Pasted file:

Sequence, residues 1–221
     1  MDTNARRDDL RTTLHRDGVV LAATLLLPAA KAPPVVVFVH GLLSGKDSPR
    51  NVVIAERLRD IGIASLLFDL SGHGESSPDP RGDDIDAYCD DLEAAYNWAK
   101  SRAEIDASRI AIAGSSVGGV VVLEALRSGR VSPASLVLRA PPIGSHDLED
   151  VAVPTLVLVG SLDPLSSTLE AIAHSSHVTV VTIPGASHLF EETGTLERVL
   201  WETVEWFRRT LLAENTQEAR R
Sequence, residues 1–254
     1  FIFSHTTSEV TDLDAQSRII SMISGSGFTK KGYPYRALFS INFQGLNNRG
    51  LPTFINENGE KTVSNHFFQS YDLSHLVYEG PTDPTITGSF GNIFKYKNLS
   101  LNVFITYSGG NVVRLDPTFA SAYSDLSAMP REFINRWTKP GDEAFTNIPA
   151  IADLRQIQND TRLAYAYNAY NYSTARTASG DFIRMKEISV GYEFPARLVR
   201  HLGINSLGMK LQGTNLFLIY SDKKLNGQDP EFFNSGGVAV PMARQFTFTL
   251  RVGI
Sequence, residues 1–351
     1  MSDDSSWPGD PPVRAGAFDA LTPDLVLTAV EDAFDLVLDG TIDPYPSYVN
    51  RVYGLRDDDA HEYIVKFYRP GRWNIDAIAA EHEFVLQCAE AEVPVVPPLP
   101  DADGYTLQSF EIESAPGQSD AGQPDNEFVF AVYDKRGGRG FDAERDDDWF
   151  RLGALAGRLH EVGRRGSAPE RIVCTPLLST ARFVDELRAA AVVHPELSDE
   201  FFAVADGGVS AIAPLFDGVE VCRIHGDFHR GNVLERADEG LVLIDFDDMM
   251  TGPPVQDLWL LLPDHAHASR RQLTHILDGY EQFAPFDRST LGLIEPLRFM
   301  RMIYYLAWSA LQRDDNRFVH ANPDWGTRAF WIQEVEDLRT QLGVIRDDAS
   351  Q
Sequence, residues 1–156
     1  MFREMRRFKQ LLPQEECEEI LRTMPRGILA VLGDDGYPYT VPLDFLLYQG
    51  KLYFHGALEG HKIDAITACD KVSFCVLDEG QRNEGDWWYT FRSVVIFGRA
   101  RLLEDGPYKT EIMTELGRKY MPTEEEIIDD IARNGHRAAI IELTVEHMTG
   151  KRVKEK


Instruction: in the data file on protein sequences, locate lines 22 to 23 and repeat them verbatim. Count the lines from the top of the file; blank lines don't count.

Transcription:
   351  Q
Sequence, residues 1–156